-Lydian Davis; Tempe, Ariz.

Brilliant display

It was amusing to watch Shaq hit his home runs over the Little League fence ("Shaq vs. reality," Sept. 26), and I too enjoyed his banter and found him quite humble in taking lessons from Albert Pujols' young son. I was astounded by Pujols' intense concentration when he had to come from behind to beat Shaq. What a brilliant display of concentration, skill, and God-given ability.

-Neil Johnston; Grand Prairie, Texas

Pray, share, engage

Regarding "Aid dependents" (Sept. 26): World Relief is grateful for funding that the United States government has made available to fight global poverty, reduce child mortality, prevent the spread of HIV/AIDS, and assist the transition of State Department--invited refugees as they replant their lives here in the United States. We are inviting the North American church to pray for the world's most vulnerable people, to share resources generously, and to engage with the suffering in the world-whether across the ocean or in our own backyard-in real and deep ways.

-Sammy T. Mah, President/CEO, World Relief; Baltimore, Md.

Just icky

Bruce Hornsby's mean jab at disabled people ("Bruce goes berserk," Sept. 26) can only be described as icky. Is it hateful contempt of God's love in general or simply a really ugly heart?

-Mike Inwards; Pelican Rapids, Minn.

Not buying it

I was deeply disappointed in the section of "No excuses" (Sept. 26) praising an Islamic school. Having lived as a missionary in an Islamic country, I am not taken in by the claim that they seek peace and religious understanding. Muslims want to use our liberty to take over little by little.

-Priscilla Weese; Wheaton, Ill.

Lost nothing

I read Alisa Harris' essay ("Social insecurity," Sept. 12) with interest and resonated with some of her feelings. Like her, I have struggled with how to begin and end conversations, and I seem to have missed out on a couple of decades of cultural experiences. But I went to public school and I think I learned about half of what I could have learned in a more vigorous environment. She lost nothing being a homeschool pioneer.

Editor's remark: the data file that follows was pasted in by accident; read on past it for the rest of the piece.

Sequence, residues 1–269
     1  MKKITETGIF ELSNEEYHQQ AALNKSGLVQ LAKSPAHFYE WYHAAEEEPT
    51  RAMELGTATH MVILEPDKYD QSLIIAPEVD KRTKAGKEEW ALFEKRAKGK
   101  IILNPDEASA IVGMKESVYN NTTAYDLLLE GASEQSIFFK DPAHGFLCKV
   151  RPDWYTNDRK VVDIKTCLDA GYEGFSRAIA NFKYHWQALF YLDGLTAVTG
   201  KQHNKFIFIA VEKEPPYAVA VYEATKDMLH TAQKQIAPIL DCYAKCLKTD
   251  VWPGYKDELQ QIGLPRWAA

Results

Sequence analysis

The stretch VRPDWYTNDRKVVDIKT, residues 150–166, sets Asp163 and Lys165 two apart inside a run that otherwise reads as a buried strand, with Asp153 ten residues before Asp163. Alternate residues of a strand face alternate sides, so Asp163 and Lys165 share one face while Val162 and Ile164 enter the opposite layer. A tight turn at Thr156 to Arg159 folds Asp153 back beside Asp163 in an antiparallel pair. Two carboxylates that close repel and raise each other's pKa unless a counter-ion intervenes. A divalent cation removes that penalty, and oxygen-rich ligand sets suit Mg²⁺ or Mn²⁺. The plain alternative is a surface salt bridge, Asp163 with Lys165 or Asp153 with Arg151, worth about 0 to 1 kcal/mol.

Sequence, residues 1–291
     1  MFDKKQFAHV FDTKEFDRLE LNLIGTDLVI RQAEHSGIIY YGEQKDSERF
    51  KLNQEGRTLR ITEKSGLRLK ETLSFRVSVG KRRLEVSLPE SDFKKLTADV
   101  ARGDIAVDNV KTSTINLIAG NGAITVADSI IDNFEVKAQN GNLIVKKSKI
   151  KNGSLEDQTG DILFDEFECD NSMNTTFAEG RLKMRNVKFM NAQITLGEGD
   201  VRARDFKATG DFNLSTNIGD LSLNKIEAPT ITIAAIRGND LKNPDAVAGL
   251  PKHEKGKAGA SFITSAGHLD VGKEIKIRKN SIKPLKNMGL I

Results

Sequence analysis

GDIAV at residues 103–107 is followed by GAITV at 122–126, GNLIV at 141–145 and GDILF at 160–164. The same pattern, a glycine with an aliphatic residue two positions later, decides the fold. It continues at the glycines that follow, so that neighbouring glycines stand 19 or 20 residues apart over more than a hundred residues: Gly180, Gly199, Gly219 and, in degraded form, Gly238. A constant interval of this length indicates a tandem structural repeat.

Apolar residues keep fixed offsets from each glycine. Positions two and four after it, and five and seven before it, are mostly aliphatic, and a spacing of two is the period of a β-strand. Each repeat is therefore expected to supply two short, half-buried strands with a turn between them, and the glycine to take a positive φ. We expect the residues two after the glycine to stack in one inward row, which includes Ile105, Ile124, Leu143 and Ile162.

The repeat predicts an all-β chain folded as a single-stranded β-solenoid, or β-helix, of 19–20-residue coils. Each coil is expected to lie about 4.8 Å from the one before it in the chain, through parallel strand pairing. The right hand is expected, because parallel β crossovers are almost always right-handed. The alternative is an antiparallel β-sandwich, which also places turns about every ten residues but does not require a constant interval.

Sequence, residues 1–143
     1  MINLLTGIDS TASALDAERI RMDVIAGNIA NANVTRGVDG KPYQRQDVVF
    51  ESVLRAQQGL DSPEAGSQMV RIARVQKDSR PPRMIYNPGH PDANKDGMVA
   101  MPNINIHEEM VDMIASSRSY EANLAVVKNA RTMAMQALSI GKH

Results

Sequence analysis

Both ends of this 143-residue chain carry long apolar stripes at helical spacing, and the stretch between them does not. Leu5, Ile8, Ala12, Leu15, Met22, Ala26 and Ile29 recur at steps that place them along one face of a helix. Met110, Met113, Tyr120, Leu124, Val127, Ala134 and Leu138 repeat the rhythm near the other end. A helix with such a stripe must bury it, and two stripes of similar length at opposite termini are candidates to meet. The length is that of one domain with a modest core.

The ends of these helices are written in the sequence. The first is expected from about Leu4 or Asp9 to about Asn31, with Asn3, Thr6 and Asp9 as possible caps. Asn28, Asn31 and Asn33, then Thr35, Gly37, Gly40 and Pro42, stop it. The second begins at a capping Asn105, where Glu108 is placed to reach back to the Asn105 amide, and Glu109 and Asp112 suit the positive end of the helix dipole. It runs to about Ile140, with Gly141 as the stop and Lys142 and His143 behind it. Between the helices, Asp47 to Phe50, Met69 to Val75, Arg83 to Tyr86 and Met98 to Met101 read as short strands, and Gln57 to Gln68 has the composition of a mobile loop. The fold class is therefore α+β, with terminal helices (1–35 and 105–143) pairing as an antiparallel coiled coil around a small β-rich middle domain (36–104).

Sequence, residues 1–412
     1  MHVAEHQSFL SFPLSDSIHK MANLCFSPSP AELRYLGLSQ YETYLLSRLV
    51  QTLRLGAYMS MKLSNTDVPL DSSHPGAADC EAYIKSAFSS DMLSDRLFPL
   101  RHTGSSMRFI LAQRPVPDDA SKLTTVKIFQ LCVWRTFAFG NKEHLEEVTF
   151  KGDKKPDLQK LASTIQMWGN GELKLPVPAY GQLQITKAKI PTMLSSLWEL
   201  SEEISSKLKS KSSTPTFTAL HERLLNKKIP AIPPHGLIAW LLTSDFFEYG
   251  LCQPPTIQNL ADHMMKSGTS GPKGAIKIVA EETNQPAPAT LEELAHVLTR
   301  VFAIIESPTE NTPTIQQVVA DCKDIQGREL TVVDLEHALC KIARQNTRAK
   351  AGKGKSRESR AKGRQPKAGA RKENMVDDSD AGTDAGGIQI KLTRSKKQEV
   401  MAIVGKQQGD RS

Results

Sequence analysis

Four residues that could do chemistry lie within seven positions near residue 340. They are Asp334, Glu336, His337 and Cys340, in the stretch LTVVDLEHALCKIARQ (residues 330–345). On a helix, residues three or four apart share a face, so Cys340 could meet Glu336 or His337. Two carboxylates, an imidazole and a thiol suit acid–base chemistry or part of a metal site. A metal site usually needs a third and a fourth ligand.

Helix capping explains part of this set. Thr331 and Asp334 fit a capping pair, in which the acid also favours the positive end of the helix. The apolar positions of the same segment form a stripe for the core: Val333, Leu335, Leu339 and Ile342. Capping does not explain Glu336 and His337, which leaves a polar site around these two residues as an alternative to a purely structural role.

-Brian Schwartz; Tigard, Ore.

I question whether homeschooling is really the cause of Harris' insecurity. When a classroom child cops an attitude, we shrug and say, "Well, kids are like that," but when a homeschooled child hits a social glitch, we say, "Well, he was homeschooled, you know." Would that we said, of the young person who resents authority, "Well, his education was farmed out to an institution, you know," and of the one awkward around the opposite gender, "Well, kids are like that."

-Holly Emmert; Houghton, Mich.

Best and worst

My heartfelt thanks to Rob Koons and Marvin Olasky ("The purge," Sept. 12). I am a relatively recent University of Texas alumnus and some of my fondest memories and most engaging experiences happened in their classrooms. I have met a number of students who have found that Koons' conclusions about the faculty-centric, "uncurriculum" design of the university apply far beyond the liberal arts and communications colleges. At UT I saw the best and the worst of higher education, and even that polarization taught me something. Perhaps this article will find an advocate who can reignite this fight.

-J. Taylor; San Marcos, Texas

If only

My wife, who remained home during my one-year mission to Tanzania, forwards issues of WORLD to me. Today I read with tears Olasky's "Is social justice just ice?" (Aug. 29), which notes that "Christianity emphasizes bonding into a relationship with Jesus." This week I begin meeting with Muslims who have befriended me and I want them to know the relationship they can have if only they will seek the truth.

-Steve Hart; Babati, Tanzania